- Agatha Christie-style locked room mysteries
- Low stakes, very relaxing
- Art is gorgeous, big magic hour vibes
- Main character’s laziness is deeply relatable
- When you get down to it, not much actually happens
If you enjoyed Rian Johnson’s Knives Out you’ll probably be into Hyouka, at least on an aesthetic level. But while Knives Out elevated the form of the locked-room mystery through clever plotting, social commentary, and the subversion of expectations, Hyouka lowers the stakes and makes the implausible schemes of an Agatha Christie novel palatable by making them all the products of high schoolers trying too hard to be clever.
The series follows Oreki Houtarou, a chronically lazy yet improbably brilliant high school student, who is browbeaten into solving the various mysteries that plague his school by Eru Chitanda, a mythical force of curiosity jammed into the wide-eyed body of a schoolgirl. You can more or less anticipate how the series works from there. It’s a classic Holmes and Watson dynamic, but the lowered stakes mean that Oreki’s laziness is far more justified than Holmes’, and the series doesn’t have to endlessly invent smarter and smarter international criminals for him to have an antagonist on his level.
In 1944 Raymond Chandler, one of the godfather’s of hard-boiled noir fiction, wrote an essay called the Simple Art of Murder in which he excoriates the writers of the Christie-style locked room mystery. The thesis of his argument is that because their stories exist as logic puzzles first, and then add on the idea of murder to raise the stakes and to provide a lurid sense of the macabre, they end up cheapening both the mystery and the atmosphere. Hyouka is the opposite of this. The contrived logic puzzles remain and as do the overly heightened stakes, but because in the end the problems are all so trivial and the characters are all overly-emotional high-schoolers, what you’re left with is the emotional reality of these characters and their actions. The mystery doesn’t need to be solved because there’s a killer on the loose, it needs to be solved because if Orkei doesn’t, then the cute girl he’s friends with might think less of him. And most of the time that means finding lost items, or trying to work out the intentions behind strange but minor occurrences.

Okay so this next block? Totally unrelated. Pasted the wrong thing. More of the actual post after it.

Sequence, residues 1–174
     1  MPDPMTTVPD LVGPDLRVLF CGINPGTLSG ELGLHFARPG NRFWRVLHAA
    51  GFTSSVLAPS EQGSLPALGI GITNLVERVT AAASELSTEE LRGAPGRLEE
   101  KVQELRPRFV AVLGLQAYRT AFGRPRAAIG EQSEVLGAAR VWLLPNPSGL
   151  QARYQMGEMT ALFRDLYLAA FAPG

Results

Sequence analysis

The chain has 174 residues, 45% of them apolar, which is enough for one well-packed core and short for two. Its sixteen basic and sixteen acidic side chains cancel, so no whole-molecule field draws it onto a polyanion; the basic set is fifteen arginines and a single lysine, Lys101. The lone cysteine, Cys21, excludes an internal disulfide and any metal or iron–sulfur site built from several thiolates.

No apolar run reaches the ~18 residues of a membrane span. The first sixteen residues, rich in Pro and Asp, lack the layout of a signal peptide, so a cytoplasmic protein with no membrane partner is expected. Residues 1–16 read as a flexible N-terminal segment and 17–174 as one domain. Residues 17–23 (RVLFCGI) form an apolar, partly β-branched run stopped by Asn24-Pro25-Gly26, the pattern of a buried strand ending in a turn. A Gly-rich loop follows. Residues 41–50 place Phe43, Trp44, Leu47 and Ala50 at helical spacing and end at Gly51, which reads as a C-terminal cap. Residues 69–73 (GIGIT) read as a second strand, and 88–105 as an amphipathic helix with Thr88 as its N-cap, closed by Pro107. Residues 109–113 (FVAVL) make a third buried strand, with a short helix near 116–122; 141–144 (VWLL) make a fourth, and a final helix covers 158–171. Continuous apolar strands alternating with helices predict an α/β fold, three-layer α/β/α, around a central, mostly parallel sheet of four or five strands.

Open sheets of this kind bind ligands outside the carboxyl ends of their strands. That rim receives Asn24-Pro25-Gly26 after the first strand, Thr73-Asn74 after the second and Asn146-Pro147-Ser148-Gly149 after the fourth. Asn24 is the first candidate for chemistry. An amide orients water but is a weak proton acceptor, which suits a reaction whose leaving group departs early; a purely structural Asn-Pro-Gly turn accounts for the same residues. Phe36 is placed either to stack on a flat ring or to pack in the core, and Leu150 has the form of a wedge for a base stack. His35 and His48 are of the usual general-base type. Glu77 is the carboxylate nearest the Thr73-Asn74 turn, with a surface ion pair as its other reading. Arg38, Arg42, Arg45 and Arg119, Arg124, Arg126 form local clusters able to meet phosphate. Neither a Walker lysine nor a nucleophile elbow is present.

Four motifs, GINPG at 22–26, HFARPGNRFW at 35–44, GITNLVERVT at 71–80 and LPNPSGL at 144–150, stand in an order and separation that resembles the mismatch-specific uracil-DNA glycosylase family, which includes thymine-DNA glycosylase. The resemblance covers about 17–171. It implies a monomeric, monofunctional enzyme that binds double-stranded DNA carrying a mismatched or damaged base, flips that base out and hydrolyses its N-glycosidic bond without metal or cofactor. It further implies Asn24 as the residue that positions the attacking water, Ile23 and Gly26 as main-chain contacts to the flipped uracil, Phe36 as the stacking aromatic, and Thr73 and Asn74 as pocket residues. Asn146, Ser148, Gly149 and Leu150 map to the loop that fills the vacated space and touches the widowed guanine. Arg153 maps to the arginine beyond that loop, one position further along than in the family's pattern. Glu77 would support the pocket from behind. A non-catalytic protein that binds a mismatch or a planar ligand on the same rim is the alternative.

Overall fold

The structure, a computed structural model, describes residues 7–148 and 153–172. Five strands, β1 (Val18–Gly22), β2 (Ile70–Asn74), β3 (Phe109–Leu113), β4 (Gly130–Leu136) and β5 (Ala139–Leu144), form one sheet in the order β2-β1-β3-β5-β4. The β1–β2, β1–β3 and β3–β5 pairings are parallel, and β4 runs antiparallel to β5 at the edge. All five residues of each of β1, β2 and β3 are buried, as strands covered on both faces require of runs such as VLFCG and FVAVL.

The show is also gorgeous, as people have come to expect from Kyoto Animation. The palate is full of magic hour golds and deep, rich browns, punctuated by the occasional burst of colour in someone’s eyes, or the diagrams that accompany a scene of exposition. It’s hardly dynamic, but the direction and the editing both work with economy to give the viewer the key facts of a scene without being too obvious.
It sounds silly to recommend a show that presents itself to have basically no stakes, but as the series continues and you start to learn more about each character and their relationships to others, it becomes easier to see how the minor cases all start to tell stories about the people investigating them, not the suspects or victims themselves. Hyouka remains one of my absolute favourite comfort watch shows, and I’d recommend it for that alone, but underneath the after-school sunset vibe is a legitimately interesting set of character studies.